Find Out If Your Face Mask Is Effective with a 2-Step Test

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Playing The 2-Step Test to Check If Your Mask Is Effective

Face masks are vital in the fight against the spread of the coronavirus, but because masks are not regulated it can be difficult to determine which ones are most effective and The Doctors are here to help.

Watch: Is Your Mask Protecting You from Getting a Severe Case of COVID?

Investigative producer Leslie Marcus tested out a variety of masks using methods some scientists say can measure the mask's efficiency, which may help determine if your face covering is protecting you and those around you.

Step 1: While wearing your mask, if you can blow out the flame of a candle, it is probably not effective.

Step 2: If you pour water on the mask and the liquid easily seeps through the fabric, it is most likely not effective.

The masks Leslie tested and the results of the flame and water test were as follows:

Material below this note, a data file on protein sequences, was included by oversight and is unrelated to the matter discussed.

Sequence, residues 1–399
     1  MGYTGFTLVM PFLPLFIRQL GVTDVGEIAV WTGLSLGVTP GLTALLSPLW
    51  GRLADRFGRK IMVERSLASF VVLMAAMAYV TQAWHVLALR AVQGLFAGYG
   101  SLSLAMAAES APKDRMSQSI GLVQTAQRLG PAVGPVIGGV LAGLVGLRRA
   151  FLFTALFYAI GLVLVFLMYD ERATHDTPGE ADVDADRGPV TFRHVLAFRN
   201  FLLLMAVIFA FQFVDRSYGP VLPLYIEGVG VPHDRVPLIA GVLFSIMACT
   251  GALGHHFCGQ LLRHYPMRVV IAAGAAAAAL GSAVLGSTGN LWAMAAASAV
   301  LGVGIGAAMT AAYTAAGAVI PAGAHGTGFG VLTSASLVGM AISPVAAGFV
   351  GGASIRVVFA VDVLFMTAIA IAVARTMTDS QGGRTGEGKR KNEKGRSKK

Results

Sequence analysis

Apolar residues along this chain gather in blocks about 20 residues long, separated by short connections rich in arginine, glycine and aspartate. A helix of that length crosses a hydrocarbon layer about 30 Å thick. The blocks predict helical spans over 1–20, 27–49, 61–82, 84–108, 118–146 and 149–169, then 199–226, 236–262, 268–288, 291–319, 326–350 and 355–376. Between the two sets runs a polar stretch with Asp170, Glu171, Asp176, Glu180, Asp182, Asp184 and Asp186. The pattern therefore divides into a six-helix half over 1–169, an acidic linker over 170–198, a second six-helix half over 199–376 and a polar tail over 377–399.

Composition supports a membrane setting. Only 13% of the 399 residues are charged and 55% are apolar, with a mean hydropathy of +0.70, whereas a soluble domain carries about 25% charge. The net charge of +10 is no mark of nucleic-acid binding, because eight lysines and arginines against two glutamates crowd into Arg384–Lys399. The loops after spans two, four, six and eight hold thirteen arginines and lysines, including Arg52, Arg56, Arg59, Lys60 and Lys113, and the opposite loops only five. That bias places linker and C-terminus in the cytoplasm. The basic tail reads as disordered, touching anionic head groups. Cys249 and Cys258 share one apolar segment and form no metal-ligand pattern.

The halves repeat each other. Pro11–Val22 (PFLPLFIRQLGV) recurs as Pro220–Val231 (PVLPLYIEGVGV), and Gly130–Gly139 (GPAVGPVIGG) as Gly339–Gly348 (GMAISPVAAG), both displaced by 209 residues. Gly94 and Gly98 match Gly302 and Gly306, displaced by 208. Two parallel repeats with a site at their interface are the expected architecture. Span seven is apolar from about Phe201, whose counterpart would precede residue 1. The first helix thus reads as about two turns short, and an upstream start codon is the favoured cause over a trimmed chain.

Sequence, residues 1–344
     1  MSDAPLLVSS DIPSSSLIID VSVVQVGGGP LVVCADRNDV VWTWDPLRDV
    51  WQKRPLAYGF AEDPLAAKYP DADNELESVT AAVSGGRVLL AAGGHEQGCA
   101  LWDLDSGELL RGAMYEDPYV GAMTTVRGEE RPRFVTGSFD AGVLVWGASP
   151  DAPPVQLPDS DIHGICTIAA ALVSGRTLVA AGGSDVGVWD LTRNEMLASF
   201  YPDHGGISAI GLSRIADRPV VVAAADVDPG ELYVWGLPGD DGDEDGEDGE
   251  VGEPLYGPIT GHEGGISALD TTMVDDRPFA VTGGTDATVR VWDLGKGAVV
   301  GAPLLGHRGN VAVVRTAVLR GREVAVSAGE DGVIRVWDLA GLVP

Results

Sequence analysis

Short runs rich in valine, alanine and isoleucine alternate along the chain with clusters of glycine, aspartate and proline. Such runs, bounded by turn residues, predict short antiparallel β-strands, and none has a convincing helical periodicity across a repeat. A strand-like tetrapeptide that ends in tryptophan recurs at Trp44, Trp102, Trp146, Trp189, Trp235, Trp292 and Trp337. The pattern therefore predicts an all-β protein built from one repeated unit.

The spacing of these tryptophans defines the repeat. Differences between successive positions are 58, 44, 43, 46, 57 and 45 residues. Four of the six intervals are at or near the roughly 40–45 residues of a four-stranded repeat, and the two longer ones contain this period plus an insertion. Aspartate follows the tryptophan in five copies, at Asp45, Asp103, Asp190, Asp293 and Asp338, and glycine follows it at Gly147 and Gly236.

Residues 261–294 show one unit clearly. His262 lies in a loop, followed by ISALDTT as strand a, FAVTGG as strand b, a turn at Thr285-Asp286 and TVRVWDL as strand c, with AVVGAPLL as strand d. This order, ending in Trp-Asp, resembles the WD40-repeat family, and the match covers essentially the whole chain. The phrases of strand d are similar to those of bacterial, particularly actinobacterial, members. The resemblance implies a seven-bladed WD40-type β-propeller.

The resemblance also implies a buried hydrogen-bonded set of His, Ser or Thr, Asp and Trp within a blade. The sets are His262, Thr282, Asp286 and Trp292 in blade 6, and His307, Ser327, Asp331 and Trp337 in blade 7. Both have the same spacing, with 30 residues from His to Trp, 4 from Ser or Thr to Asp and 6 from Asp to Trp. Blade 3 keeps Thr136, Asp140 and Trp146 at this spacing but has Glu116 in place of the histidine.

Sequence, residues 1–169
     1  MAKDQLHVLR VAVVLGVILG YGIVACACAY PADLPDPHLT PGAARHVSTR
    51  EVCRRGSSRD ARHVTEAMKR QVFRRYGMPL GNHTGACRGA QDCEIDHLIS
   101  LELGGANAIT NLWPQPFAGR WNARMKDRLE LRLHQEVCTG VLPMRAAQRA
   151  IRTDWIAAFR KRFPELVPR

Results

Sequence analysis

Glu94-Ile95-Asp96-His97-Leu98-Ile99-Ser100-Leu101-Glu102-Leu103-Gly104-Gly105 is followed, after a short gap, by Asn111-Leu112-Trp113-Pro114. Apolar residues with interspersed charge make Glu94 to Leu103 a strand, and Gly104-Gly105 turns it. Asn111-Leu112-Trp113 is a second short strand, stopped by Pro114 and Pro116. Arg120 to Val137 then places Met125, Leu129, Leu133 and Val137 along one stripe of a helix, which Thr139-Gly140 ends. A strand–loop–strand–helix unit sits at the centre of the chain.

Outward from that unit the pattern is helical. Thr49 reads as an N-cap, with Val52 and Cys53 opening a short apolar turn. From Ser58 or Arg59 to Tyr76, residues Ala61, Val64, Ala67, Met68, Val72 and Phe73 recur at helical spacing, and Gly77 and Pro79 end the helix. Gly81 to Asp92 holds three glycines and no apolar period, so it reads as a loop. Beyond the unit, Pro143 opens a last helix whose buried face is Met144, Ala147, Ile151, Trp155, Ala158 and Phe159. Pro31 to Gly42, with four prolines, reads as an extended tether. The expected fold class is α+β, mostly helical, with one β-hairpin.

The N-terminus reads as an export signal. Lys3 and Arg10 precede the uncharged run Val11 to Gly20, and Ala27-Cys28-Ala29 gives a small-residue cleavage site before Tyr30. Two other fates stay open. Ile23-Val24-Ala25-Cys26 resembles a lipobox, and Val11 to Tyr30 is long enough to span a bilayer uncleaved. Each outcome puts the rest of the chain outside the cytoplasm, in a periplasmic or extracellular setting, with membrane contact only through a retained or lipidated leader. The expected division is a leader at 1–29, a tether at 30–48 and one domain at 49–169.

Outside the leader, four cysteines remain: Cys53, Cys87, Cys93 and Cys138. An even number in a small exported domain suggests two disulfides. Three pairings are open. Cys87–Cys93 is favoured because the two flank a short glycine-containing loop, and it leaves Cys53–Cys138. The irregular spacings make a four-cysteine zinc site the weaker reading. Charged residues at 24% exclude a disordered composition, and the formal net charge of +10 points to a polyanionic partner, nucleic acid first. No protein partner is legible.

Polypropylene blue surgical mask: Passed flame, passed water

Nylon mask: Passed flame, passed water

Cotton mask: Passed flame, failed water

Lace mask: Barely passed flame, failed water

Nylon and polyester blend mask: Passed flame, failed water

Mask with waterproof outside layer: Passed flame, passed water

Neck gaiters: Passed/barely passed flame, failed water

Leslie concludes the most effective type of mask is a surgical mask made from Polypropylene, which is the common blue surgical mask. She warns viewers about some masks she found online made from very sheer material, which some online reviewers say allow them to "fake it" when masks are required.

The Doctors stress if your mask is too sheer or porous it is not protecting you or anyone you come in contact with. Leslie adds the effectiveness of any mask, including neck gaiters, will depend on the thickness of the fabric and how well it covers your nose and mouth. Additionally, our investigative producer notes that masks with valves are not effective as they allow water vapor and droplets to easily escape through the valve.

Watch: Why Masks May Lead to Less Severe COVID Cases

Physician Dr. Ian Smith notes picking a mask with a cotton outer layer is not ideal because the fabric is absorbent and he says a polyester or cotton-polyester blend is a better outer layer choice. He also says cloth masks should have 3 layers and include a water-resistant layer. 

Find out how you might be able to add an additional layer of protection to your mask through "mask charging," in the video below

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